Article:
‘American Ninja Warrior’ brings Mt. Laurel family together

Multiple members of the Wilczewski family have all competed on “American Ninja Warrior.”

Christopher (left) and Richard Wilczewski train at Christopher and Brian Wilczewski’s gym ‘Movement Laboratory’ in Hainesport. All three family members have competed on American Ninja Warrior.

By Kelly Flynn
The Sun

For some people, life is about overcoming obstacles. For Brian and Chris Wilczewski, their teenage years were spent building them in the backyard of their family’s Mount Laurel home. When he saw what his sons were up to, Moorestown Township physics teacher Richard Wilczewski didn’t object. He decided if his sons were going to build parkour obstacles, he was going to help them do so safely.

Nearly 10 years later, Brian, Chris and Wilczewski have gone from running obstacles in their backyard to competing on national television as part of the NBC show “American Ninja Warrior.” The show has brought the family closer together, uniting them around a common bond and inspiring Brian and Chris to start their own business as Chris competes for the eighth time on the season that is currently airing.

Brian said the show first came on his radar when he watched the Japanese version on the gaming network channel G4. Feeling inspired, he decided to emulate the course and build obstacles in their backyard. Richard said he looked at his son’s materials and knew the course wasn’t going to hold, so he helped him design something more structurally sound.

It wasn’t long before Chris got in on the action. He said he and his brother started building obstacles in the backyard and doing parkour in the woods. When the show came to the United States, both brothers were interested in competing, but the 21 year age minimum prevented Brian from trying out. So, Chris was the first of the two to submit his video to compete.

He said, looking back, his submission video wasn’t very good but for whatever reason, he was picked to compete on the show’s second season. He said his parents were skeptical he was being scammed and insisted on flying out to Los Angeles with him. So, the whole family went to watch him compete.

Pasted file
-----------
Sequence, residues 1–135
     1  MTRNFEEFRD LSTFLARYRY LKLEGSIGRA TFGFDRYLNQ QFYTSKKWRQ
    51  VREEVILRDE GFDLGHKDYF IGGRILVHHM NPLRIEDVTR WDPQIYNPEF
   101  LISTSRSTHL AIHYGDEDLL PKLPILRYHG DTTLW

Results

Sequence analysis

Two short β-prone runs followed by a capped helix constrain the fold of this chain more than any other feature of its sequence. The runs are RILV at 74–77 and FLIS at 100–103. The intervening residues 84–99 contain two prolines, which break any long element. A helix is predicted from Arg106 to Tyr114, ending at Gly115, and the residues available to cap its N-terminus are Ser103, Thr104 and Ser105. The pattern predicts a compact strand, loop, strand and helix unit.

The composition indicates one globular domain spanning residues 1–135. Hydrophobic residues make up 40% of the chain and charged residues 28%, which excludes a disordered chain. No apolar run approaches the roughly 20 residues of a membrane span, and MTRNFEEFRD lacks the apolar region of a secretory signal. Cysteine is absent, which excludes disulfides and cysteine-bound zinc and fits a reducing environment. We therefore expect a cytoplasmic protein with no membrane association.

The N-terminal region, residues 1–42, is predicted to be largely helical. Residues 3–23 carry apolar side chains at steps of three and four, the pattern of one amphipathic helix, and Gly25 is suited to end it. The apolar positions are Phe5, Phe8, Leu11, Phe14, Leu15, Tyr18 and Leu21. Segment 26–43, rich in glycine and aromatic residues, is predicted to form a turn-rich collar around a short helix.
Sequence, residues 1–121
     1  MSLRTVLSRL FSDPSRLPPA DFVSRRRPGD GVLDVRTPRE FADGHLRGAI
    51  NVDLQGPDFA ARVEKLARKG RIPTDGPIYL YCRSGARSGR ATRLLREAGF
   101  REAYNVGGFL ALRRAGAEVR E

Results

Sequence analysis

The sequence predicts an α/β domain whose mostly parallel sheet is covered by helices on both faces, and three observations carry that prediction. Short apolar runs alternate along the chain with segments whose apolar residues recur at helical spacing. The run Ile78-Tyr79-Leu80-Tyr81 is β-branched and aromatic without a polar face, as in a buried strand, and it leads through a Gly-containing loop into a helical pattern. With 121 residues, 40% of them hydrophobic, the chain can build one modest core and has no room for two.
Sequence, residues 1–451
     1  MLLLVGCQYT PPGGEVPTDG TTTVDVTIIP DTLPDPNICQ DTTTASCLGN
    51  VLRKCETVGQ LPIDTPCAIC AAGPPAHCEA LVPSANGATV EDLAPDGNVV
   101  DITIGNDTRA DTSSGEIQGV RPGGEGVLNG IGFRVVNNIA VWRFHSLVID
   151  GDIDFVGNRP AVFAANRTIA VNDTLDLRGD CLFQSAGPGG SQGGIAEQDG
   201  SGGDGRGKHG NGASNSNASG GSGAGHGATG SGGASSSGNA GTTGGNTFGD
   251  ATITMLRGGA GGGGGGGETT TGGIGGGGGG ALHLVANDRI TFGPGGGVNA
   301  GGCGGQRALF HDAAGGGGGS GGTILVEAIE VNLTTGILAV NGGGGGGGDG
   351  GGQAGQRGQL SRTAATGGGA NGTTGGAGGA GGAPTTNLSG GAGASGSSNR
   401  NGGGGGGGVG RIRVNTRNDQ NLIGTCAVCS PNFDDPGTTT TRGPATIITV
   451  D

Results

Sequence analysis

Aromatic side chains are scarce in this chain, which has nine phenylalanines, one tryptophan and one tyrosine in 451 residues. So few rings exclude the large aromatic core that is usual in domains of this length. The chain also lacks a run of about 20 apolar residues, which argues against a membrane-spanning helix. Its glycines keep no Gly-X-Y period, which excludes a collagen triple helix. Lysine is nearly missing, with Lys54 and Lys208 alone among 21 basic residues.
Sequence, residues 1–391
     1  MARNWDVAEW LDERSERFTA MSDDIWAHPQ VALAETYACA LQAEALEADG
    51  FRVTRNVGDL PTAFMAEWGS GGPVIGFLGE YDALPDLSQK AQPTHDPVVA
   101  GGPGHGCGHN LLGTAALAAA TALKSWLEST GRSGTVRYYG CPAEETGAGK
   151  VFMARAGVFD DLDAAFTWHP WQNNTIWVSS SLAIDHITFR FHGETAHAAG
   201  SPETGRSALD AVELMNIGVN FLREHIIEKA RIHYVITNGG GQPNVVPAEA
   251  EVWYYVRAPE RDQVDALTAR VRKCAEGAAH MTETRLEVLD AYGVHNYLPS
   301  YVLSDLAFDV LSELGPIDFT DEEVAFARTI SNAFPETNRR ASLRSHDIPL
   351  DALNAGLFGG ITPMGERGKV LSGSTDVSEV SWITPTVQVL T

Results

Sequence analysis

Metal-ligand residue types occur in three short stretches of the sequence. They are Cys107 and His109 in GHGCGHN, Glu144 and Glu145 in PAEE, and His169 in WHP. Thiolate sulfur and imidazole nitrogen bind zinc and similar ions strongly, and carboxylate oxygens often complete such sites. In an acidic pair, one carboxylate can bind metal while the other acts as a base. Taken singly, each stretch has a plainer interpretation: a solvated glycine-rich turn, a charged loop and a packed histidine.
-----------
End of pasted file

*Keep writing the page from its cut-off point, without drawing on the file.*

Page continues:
Chris broke the top 10 during the qualifier round and made it to the second round where he just missed the cutoff to advance.

“Chris is just a exciting athlete to watch all around,” Brian said. “Every time he’s out there, he’s given a 100 percent.”

Despite not making it to the finals, Chris was hooked from that point forward. When he returned home, Chris and Brian began offering ninja classes in the backyard of the family’s home. They built the obstacles themselves and found old mattresses that neighbors were throwing out to use as padding.

In 2011, the brothers decided to capitalize on their passion and open a ninja warrior training facility in Hainesport. They initially called the gym Ninja Laboratories, but fearful the ninja craze might die out, they changed the name to Movement Laboratories to encompass more different styles of fitness. Today, the brothers are co-owners of the Hainesport location and have two additional locations in California and Ohio as well.

“We never really expected it to evolve to the level that it has,” Chris said.

Eight years after discovering the show on G4, Brian turned 21 and got his chance to compete. He said the experience was a positive one, but he learned he suffers from a bit of stage fright. He said in his years competing, he sometimes gets out of the competition over a slight, panicked fumble.

Since 2010, 28-year-old Chris has competed on the show eight times, and 26-year-old Brian has competed four. But the two brothers aren’t the only family members involved in the competition. In 2014, Richard had had a particularly frustrating day and decided to blow off some steam by running an obstacle on a course just outside the school. He said one of his students filmed him, and with nothing to lose, he decided to submit his run to “American Ninja Warrior.”

Richard received a callback to compete, and despite being eliminated early in the competition, he said to this day, he’s still training with the show in mind. He said Chris is his trainer, and at 63 years old, he’s in better shape now than he was five or 10 years ago.

For all three, the best part of the competition has been forming meaningful connections with fellow ninjas from all across the country. To further foster the sense of community and provide more chances for ninjas to come together, Chris started the National Ninja League to give ninjas a chance to come together and compete outside of their one chance on the NBC show.

Recently, Chris flew out to Las Vegas to compete on the season of the show that is currently airing. While he’s unable to say how far he made it, he felt just competing at all was a triumph after taking a year off from the competition.

Looking back, all three agreed the sport has brought them closer together as a family. For Richard, the competition and business ventures have helped him to let go as a parent.

“It helped us make a big transition from when you’re a parent and have teenagers who want to be on own and do their own thing,” Richard sad. “In the process of watching these guys make their own enterprise and do their own business type networking thing, I realized I don’t have to over-parent anymore because they’ve got this.”